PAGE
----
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DIY Personal Advisory Board Part Two: Recruiting and Working with the Team

Peak... by Thomas Leuthard

This article is part of a series on the Springboard process and the second half of a two-part post. Here is Part One.

When we look to craft the coaching teams for the companies in our Springboard accelerator - Personal Advisory Boards - we first conduct an assessment to better understand the unique needs of each company, so that we can recruit a team of advisors that has exactly the expertise and connections to help that company get to the next level.

At Springboard, a focal point for the coaching process is the investor pitch because (1) all of the companies we select are seeking growth capital, and (2) the investor pitch provides enough of an overview of the business for each advisor to identify the areas where they can most add value.

Recruiting Your Team of Advisors

In the first part of this article, I talked about how we conduct an assessment of the companies that apply for Springboard and how you can conduct your own self-assessment. The next step is to recruit your team of advisors.

When we build our teams at Springboard, we look for 5-8 individuals in a variety of functional roles:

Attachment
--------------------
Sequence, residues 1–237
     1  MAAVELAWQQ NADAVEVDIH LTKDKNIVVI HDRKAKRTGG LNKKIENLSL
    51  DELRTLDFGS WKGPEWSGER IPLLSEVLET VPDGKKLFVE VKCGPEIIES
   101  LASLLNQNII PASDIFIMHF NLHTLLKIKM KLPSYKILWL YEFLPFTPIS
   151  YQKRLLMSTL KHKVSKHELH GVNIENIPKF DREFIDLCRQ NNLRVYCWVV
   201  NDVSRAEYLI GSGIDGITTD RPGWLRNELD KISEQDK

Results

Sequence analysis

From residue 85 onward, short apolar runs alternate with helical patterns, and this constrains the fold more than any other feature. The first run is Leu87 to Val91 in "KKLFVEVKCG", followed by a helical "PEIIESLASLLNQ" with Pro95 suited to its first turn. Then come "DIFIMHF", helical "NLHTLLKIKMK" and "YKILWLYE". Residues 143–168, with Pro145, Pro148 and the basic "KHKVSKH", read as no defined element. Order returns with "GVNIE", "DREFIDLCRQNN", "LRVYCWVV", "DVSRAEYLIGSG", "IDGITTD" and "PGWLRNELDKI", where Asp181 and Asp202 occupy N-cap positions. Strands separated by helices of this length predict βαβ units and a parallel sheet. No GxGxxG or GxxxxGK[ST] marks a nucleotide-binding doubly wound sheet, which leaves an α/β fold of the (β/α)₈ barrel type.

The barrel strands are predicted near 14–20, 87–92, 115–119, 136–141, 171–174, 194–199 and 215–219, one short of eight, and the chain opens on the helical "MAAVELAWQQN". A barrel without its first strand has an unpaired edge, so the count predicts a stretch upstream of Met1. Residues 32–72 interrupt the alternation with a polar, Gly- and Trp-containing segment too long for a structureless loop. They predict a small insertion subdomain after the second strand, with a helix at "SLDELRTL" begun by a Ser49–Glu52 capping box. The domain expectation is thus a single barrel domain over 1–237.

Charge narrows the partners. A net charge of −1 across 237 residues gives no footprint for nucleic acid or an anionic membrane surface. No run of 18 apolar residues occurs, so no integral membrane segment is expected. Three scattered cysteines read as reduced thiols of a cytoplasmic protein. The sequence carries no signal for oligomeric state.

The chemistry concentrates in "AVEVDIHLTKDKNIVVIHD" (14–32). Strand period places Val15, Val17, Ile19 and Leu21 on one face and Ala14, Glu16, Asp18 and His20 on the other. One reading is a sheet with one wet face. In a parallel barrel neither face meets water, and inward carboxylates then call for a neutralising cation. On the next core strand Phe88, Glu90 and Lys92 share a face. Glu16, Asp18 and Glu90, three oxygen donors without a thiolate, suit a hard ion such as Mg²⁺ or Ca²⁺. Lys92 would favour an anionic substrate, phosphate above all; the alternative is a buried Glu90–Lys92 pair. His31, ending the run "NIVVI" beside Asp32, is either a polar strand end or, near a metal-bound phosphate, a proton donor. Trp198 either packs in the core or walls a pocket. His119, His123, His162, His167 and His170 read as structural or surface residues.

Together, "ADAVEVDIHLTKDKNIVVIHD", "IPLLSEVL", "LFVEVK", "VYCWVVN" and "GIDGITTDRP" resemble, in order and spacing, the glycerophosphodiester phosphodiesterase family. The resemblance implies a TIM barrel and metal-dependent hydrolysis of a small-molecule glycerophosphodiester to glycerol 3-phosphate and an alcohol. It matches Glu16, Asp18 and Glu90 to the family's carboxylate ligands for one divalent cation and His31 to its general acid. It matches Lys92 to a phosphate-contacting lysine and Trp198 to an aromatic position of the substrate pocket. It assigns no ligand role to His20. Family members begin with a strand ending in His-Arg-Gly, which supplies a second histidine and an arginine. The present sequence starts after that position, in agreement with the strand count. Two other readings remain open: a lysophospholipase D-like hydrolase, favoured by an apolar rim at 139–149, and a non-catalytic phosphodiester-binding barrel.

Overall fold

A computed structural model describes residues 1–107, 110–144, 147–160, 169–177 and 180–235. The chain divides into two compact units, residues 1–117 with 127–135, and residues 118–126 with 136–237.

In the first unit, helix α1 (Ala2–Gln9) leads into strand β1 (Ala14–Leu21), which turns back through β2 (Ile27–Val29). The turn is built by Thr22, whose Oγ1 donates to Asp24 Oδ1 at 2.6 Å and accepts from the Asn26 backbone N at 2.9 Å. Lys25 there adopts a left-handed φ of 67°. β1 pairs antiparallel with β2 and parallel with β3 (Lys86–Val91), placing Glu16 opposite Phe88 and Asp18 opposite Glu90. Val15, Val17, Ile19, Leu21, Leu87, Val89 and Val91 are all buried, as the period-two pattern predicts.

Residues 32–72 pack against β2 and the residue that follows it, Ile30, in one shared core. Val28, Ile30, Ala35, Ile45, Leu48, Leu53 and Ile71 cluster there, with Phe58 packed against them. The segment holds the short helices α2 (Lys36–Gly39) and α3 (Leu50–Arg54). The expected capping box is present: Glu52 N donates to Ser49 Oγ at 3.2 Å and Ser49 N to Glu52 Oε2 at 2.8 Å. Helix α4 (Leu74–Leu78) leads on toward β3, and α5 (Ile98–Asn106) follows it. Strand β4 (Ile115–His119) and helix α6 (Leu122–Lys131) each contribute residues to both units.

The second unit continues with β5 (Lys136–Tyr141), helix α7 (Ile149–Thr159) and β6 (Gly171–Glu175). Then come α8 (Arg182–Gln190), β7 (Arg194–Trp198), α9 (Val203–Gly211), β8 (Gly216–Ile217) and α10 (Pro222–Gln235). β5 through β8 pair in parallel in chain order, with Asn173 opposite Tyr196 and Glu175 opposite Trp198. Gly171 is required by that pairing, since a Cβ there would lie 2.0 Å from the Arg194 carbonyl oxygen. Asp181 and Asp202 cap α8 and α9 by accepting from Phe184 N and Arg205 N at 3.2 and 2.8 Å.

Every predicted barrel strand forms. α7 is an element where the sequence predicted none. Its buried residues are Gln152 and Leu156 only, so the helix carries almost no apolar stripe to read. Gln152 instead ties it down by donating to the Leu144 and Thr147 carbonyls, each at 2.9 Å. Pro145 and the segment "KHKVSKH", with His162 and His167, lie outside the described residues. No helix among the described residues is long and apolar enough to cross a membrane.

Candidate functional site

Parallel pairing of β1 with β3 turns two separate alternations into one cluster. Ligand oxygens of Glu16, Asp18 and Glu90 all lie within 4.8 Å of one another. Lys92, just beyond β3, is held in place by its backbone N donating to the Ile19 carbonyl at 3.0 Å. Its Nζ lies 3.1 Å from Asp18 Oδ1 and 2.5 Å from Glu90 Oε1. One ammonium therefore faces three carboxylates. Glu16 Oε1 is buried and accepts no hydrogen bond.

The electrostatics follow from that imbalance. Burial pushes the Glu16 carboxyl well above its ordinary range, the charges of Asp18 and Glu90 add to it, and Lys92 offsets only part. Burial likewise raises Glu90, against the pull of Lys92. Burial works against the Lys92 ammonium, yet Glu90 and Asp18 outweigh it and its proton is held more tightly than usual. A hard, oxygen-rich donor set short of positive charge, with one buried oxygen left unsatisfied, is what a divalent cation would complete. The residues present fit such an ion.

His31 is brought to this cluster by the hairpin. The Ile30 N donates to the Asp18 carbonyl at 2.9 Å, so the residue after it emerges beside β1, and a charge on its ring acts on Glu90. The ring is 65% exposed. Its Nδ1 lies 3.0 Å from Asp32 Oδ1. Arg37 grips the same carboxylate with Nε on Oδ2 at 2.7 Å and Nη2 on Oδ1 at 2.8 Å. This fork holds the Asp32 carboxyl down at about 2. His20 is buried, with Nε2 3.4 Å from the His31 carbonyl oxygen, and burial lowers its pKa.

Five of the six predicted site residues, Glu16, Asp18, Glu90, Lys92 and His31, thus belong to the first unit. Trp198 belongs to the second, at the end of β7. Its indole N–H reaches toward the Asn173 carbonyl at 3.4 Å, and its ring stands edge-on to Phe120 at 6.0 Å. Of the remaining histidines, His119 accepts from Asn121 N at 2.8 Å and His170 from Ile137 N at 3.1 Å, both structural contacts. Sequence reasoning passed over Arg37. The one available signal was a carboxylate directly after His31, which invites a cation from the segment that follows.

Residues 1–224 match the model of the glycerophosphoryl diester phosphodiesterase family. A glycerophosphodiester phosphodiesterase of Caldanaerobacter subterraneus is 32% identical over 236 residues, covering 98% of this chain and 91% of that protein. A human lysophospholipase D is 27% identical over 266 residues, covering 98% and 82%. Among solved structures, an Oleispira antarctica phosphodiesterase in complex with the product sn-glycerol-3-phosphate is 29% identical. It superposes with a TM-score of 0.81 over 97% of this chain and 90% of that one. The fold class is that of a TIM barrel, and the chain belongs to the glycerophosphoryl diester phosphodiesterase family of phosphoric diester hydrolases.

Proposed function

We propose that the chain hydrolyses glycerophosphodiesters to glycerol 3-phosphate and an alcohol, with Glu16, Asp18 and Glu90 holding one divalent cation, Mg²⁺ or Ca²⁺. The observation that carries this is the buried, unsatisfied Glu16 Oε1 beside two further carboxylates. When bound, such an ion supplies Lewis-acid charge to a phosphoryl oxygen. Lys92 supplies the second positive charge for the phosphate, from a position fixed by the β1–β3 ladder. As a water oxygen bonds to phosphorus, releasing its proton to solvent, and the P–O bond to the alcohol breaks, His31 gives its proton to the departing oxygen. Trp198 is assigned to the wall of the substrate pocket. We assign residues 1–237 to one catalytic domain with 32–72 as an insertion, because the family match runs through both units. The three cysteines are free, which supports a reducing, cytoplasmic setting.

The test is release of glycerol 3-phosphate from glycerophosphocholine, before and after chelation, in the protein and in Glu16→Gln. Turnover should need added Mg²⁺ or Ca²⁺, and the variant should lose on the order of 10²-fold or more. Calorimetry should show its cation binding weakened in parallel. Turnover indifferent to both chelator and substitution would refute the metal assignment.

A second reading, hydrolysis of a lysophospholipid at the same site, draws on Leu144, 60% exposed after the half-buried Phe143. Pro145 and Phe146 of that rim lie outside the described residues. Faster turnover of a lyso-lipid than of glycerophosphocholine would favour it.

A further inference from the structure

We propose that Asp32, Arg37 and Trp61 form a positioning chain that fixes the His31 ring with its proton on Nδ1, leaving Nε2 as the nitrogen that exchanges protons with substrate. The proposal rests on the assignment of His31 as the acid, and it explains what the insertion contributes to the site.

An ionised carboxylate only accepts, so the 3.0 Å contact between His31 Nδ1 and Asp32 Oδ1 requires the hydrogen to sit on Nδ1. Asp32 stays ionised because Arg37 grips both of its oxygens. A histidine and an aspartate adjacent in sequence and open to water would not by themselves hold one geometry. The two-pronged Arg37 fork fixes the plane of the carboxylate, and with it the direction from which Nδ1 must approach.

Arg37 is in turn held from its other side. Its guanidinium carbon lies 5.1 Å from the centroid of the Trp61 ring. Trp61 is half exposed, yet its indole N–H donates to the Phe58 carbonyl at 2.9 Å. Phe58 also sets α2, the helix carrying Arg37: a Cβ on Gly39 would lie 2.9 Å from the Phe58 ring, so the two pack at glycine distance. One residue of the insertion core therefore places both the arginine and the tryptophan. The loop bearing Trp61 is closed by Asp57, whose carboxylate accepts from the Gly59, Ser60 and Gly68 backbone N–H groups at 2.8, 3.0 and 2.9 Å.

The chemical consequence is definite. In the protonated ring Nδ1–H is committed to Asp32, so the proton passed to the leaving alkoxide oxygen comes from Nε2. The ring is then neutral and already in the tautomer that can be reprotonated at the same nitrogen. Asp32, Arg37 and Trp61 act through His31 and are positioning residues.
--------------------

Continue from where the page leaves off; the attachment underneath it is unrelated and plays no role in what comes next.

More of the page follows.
• Entrepreneur
  • Investor (VC and/or angel)
  • Corporate executive from the industry (business development and/or venture arm)
  • Lawyer
  • Tech expert
  • Financial expert
  • Wild card (e.g. regulatory expert, enterprise sales expert, etc. to match your core needs)

Finding advisors that can provide many different perspectives is critical because the most important thing about recruiting your Personal Advisory Board is to seek diversity of thought.

Your potential advisors will want to know what kind of time commitment will be involved and for how long. Here's what your email should include:

  • What you are asking for and why
  • Time commitment
  • Overview of expectations and format for the process
  • Two-lines about your company and a link to your executive summary and/or slide deck
  • (When they commit, make sure you get their phone number and preferred email if you don't already have it)

Working with Your Team of Advisors

Most entrepreneurs are eager to connect with the investors on their team. Remember that they, along with everyone on the team, have their own motivations for helping you.

  • Investors want early access to the Next Big Thing, so they will encourage you to think big.
  • Lawyers and service providers are trying to earn your trust and win you as a client.
  • Entrepreneurs are going to steer you away from the big mistakes they made (potentially right into other mistakes).

Ultimately you need to be a filter, not a sponge.

But you need more than the right approach. You need a process. Here's a template for working with them that you can cater to your own needs:

1. Schedule a group call to kick-off the advisory process and run through your investor deck